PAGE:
World Wildlife Fund Sustainability Works

Landscape photo of a river at sunset

Wading Through the Complexities of Water Conservation

  • Date: 26 March 2021
  • Author: Gyan de Silva, WWF

One of my most profound experiences as a child in Sri Lanka was watching a herd of elephants soundlessly crossing a river in the middle of the night. They were on their way to raid a sugarcane farm, a common occurrence driven in large part by drought. Another common occurrence while growing up was power cuts, again driven by drought combined with a national overreliance on hydropower. These are two small ways in which water has shaped my experiences.

Gyan de Silva

Gyan de Silva works on corporate water stewardship as part of the Freshwater and Food team at WWF

I have always been passionate about nature, but it was only when I started working in conservation that I became passionate about water as well. My very first project as an intern at IUCN Sri Lanka was on restoring an ancient irrigation system for communities to manage water through floods and droughts. I was amazed by the complexity of the system, conceived more than 2,000 years ago. Different ponds (known as ‘tanks’) and ecosystems were constructed for different purposes, such as water filtration, groundwater recharge and even watering holes for wildlife (to divert them from encroaching farms). I was inspired by these ancient civilizations who maximized social and ecological outcomes through good water management.

Working with the private sector is appealing to me as not only do they have the largest impacts, but I also think they hold huge potential for positive change. Well-known brands can influence huge global supply chains to improve production practices, reach millions of consumers and develop game-changing innovations towards conservation. For me, leveraging the private sector’s resources, innovation, efficiency and influence towards water conservation is an exciting prospect.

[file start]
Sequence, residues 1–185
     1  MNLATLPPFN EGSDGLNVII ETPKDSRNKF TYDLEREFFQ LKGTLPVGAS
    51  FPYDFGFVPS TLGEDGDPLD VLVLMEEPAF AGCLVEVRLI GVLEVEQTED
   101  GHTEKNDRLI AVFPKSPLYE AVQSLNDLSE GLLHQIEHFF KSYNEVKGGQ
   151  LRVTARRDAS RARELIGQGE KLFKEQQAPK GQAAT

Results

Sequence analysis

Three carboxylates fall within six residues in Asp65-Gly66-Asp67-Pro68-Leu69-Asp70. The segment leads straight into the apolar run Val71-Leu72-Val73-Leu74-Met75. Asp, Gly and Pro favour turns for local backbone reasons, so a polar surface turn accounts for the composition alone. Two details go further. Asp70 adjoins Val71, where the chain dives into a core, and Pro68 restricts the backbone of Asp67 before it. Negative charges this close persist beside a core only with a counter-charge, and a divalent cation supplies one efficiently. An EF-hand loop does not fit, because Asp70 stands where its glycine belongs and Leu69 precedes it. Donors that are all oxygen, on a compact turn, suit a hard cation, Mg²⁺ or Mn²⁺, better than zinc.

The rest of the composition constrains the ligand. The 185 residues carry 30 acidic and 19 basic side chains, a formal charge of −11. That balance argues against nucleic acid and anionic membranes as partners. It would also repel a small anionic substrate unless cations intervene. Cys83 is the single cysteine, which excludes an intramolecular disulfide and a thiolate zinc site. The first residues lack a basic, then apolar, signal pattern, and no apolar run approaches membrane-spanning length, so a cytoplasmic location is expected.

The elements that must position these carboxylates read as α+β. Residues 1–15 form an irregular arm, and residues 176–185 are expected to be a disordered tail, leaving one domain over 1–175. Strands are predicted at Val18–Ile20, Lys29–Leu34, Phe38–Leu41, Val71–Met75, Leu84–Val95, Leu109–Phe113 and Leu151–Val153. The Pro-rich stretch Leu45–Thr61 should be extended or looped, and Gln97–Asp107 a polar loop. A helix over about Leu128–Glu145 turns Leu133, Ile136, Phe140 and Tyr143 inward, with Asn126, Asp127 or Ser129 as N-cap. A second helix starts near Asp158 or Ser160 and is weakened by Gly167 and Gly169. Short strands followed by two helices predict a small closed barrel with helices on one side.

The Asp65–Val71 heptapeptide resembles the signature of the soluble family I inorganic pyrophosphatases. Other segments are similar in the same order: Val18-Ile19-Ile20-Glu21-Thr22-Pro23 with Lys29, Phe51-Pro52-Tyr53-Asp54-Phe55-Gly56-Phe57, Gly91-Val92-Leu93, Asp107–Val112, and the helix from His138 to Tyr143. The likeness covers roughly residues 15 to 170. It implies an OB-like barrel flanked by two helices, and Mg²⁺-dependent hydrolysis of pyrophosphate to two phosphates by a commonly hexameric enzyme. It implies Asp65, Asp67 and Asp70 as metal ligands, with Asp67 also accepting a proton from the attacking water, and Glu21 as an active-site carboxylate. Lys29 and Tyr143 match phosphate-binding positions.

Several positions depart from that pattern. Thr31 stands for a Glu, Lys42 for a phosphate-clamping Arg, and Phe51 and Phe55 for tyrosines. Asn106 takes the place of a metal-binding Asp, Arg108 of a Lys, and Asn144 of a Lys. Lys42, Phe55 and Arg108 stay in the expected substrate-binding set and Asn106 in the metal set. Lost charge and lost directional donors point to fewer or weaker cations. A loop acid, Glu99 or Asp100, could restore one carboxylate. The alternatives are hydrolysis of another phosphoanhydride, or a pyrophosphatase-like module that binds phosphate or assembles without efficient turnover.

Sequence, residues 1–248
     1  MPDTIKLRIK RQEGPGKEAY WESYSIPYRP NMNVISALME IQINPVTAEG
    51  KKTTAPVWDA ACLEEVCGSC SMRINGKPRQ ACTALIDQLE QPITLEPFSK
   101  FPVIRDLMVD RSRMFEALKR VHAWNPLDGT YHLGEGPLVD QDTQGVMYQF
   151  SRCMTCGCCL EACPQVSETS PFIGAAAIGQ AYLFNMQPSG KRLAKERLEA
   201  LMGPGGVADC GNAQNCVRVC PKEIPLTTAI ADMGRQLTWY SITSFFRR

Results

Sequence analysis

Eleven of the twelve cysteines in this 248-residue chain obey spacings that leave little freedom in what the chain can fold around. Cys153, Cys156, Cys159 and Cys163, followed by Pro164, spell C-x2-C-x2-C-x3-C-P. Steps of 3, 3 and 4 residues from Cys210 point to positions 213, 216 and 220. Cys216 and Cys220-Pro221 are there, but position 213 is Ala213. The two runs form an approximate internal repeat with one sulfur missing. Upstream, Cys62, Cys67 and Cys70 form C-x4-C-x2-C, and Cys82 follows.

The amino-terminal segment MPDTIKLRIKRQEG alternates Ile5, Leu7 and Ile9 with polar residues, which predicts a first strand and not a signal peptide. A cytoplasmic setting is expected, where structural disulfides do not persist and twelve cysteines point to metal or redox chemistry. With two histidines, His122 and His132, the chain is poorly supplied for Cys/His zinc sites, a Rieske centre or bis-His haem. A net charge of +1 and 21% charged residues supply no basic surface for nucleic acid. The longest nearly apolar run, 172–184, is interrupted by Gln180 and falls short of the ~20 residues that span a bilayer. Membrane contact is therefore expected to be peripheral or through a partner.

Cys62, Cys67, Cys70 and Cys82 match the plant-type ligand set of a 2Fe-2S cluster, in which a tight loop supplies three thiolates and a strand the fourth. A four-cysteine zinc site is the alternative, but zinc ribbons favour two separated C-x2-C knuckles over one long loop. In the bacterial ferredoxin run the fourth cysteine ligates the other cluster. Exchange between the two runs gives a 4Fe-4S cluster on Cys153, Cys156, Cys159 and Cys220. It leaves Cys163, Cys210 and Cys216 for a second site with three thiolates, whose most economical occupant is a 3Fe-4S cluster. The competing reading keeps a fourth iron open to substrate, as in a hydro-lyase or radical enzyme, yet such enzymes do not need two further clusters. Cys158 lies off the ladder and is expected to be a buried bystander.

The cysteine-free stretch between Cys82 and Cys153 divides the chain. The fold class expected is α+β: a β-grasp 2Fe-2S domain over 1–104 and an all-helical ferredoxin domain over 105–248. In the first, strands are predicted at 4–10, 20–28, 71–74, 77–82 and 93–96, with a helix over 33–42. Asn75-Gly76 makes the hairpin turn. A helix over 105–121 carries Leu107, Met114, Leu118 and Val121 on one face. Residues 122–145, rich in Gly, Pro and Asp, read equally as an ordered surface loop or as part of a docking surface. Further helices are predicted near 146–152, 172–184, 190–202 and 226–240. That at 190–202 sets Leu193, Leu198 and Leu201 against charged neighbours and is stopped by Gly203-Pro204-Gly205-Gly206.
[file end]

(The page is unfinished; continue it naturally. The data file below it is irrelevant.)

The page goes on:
As part of the Freshwater and Food Team at WWF, I work on corporate water stewardship: partnering with US companies to address water risks and improve the health of the basins on which they depend. This involves conducting water risk assessments, setting targets and strategies, linking companies to WWF’s many projects on the ground and generating more collective action to achieve basin-scale impacts. I would say my job is a combination of rigorous analysis and convening different actors together towards a common goal. Water stewardship requires collective action by different stakeholders, because of the shared nature of the resource. This is both challenging and rewarding.

Due to the complex and dynamic nature of water, there is plenty of room to try out new approaches and methods. For example, I am excited to be piloting the new Science Based Targets for Water (SBTW) methodology. This provides the answer to exactly how much a company should improve their water use or quality to achieve desired basin health levels. This could be truly groundbreaking as it would better direct private sector investments towards the right actions in the right places. More widely, I enjoy working with ambitious corporate partners who are always willing to test new approaches from innovative finance mechanism to technology and nature-based solutions. Similarly, I also feel lucky to learn from my outstanding colleagues in the network, who are constantly pioneering new methods ranging from wetland restoration to community resilience.

Finally, I am excited about the emergent emphasis on equity and justice. One of my favorite professors at graduate school always emphasized the link between environmental sustainability and human dignity. I look forward to exploring these linkages with companies as they engage stakeholders in their watersheds.

Water stewardship can be complex, but it underpins almost every aspect of our daily lives. I feel fortunate to work on something that is impactful and in everyone’s interest.